Govern your separation agreement, or it will govern you.

 

No one knows what the future holds.  That includes (shockingly) attorneys, no matter what they tell you. That means that your divorce or family law negotiation will not cover everything that may come up in your life down the road. 

Also, there is no perfect contract.  That’s certainly true for the special kinds of family law contracts that in North Carolina are called Separation Agreements and Property Settlements. Every contract, and therefore, every Separation Agreement is a compromise between thoroughness and brevity.  In order to address every possible future contingency in a contract it would be thousands of pages long, or more.  No attorney can draft that inNo one knows what the future holds. That includes (shockingly) attorneys, no matter what they tell you. That means that your divorce or family law negotiation will not cover everything that may come up in your life down the road.
Also, there is no perfect contract. That’s certainly true for the special kinds of family law contracts that in North Carolina are called Separation Agreements and Property Settlements. Every contract, and therefore, every Separation Agreement is a compromise between thoroughness and brevity. To address every possible future contingency in a contract, it would be thousands of pages long, or more. No attorney can draft that in any humanly reasonable timeline or for any reasonable expense. There are certain issues and situations that we know need to be covered because they have come up so often that they are generally foreseeable, or they have been specifically addressed by courts in the past. But, other future events just cannot be addressed in your agreement because they are too hypothetical, unpredictable, or unlikely to occur.
That means that it is entirely possible that after you sign your Separation Agreement something will happen that will not be anticipated or addressed in your agreement. Illness, relocations, new job opportunities, job loss, family events, and new relationships are just some of the events that can pop up but may not have pre-determined answers in your agreement. Or, your agreement did cover the new events but the solutions that seemed to work back then now don’t fit your lives for some reason.
That’s where the ability to communicate and reasonably work with each other comes in. When these unanticipated events pop up, you need to be able to communicate with your ex-spouse to avoid a molehill becoming a mountain. People that can not effectively handle these conversations end up back in their lawyer’s office, or worse, in court.
When there is no answer in your agreement, or those answers are outdated, then you have to figure it out between yourselves. Even after you have signed your divorce settlement agreement, the job of communicating, negotiating, and adjusting is not over. If you can productively communicate with each other then you will most likely be able to adjust your agreement and move on. If you cannot, then the agreement may feel like something that you are being forced to comply with, even when it doesn’t work for you anymore.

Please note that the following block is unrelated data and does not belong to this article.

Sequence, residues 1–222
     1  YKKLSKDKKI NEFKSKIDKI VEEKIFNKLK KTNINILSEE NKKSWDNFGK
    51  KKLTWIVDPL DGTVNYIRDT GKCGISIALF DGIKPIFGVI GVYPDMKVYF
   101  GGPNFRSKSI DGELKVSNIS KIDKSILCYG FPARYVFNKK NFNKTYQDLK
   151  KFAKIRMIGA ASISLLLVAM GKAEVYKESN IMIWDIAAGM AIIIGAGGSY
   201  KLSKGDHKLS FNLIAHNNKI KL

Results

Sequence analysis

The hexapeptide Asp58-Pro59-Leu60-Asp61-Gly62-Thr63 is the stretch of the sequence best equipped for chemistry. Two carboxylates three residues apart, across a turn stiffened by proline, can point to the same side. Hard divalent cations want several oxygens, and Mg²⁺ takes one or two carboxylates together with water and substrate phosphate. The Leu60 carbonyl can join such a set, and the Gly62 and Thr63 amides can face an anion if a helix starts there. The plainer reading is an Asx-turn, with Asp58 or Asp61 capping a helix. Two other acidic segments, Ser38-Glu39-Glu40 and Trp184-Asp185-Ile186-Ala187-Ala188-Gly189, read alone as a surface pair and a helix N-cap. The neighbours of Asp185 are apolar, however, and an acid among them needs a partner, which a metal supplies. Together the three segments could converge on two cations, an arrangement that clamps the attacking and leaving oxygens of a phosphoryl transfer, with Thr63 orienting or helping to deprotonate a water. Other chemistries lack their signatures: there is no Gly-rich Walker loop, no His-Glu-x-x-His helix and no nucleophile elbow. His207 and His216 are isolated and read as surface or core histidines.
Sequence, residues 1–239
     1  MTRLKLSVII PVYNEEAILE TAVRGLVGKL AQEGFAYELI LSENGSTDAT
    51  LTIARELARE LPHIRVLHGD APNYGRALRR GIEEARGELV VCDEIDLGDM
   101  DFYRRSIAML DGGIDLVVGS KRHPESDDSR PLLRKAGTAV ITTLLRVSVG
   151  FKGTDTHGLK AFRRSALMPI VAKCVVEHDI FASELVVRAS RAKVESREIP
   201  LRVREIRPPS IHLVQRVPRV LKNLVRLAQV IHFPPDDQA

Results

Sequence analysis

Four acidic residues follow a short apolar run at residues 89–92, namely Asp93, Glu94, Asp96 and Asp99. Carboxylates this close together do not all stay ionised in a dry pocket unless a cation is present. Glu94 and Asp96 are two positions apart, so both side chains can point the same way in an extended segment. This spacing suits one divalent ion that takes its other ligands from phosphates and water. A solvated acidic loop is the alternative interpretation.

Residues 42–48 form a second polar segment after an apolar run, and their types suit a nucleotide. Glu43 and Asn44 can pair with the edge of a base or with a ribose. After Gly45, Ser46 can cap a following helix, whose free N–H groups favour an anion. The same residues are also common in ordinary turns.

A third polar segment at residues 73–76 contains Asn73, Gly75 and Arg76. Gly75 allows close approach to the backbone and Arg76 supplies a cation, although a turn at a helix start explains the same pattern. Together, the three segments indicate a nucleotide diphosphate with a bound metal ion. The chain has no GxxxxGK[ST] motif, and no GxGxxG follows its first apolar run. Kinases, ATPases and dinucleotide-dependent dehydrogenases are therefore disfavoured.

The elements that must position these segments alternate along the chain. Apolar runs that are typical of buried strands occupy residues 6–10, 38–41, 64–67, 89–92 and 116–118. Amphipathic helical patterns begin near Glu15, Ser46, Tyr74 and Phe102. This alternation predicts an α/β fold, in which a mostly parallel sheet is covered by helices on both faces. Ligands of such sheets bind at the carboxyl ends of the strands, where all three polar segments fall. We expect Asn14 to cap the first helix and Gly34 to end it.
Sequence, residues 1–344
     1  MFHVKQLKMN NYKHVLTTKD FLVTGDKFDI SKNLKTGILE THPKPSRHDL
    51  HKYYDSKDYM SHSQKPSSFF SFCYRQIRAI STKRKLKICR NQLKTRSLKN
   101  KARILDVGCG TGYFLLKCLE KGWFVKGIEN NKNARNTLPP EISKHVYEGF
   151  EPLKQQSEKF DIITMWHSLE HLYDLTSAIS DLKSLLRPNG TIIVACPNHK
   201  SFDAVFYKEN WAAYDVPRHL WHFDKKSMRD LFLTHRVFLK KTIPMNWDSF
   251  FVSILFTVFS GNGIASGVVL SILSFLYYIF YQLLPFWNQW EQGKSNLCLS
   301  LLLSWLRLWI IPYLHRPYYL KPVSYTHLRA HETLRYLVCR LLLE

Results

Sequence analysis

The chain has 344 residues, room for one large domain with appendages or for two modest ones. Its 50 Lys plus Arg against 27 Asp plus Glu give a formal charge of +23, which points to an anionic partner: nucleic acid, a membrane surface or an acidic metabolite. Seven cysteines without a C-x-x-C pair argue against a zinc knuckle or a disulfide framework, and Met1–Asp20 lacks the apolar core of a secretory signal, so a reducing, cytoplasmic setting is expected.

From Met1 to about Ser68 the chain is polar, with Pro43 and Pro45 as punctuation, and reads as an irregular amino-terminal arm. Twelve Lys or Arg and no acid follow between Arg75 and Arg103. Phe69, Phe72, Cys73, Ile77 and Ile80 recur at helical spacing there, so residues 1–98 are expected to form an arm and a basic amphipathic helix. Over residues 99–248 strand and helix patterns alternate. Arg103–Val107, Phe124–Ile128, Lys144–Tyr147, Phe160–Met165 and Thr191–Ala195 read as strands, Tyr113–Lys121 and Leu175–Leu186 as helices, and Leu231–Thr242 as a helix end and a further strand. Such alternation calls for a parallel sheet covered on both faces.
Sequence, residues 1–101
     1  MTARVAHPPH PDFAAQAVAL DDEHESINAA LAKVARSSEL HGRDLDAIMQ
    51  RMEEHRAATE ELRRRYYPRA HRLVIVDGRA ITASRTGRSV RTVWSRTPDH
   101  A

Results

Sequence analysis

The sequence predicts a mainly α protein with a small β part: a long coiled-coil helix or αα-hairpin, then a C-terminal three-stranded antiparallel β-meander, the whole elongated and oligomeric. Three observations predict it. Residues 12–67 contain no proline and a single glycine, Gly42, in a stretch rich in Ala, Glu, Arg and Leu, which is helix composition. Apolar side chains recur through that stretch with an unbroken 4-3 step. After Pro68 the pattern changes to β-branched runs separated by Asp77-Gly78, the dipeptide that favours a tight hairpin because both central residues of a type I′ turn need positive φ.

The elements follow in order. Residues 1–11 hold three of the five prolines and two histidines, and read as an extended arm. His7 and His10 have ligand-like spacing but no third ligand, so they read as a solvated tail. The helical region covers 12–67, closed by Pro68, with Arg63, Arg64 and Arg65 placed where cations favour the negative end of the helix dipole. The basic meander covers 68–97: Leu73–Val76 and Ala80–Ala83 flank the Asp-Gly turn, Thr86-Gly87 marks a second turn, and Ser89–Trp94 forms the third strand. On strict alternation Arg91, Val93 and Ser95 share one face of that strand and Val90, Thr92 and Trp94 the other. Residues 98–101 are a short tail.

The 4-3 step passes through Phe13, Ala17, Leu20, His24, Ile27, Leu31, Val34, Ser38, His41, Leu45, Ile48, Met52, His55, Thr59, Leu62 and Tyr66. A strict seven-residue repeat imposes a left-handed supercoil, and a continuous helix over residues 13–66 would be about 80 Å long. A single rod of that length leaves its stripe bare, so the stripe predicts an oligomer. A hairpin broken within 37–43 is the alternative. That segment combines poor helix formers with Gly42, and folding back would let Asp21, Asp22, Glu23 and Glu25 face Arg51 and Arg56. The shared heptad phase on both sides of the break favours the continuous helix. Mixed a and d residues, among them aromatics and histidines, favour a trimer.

In general, I tell clients this: If you can communicate and be reasonable, then you will govern your agreement. If you cannot, then the agreement will govern you. any humanly reasonable timeline or for any reasonable expense.  There are certain issues and situations that we know need to be covered because they have come up so often that they are generally foreseeable, or they have been specifically addressed by courts in the past.  But, other future events just cannot be addressed in your agreement because they are too hypothetical, unpredictable, or unlikely to occur.

That means that it is entirely possible that after you sign your Separation Agreement something will happen that will not be anticipated or addressed in your agreement.  Illness, relocations, new job opportunities, job loss, family events, and new relationships are just some of the events that can pop up but may not have pre-determined answers in your agreement.  Or, your agreement did cover the new events but the solutions that seemed to work back then now don’t fit your lives for some reason. 

That’s where the ability to communicate and work with each other in a reasonable way comes in. When these unanticipated events pop up, you need to be able to communicate with your ex-spouse in order to avoid a mole hill becoming a mountain. People that can not effectively handle these conversations end up back in their lawyer’s office, or worse, in court.  

When there is no answer in your agreement, or those answers are outdated, then you have to figure it out between yourselves. Even after you have signed your divorce settlement agreement, the job of communicating, negotiating, and adjusting is not over.  If you can communicate with each other in a reasonable way then you will most likely be able to adjust your agreement and move on.  If you cannot, then the agreement may feel like something that you are being forced to comply with, even when it doesn’t work for you anymore. 

In general I tell clients this:  If you can communicate and be reasonable, then you will govern your agreement.  If you cannot, then the agreement will govern you. 

 

 

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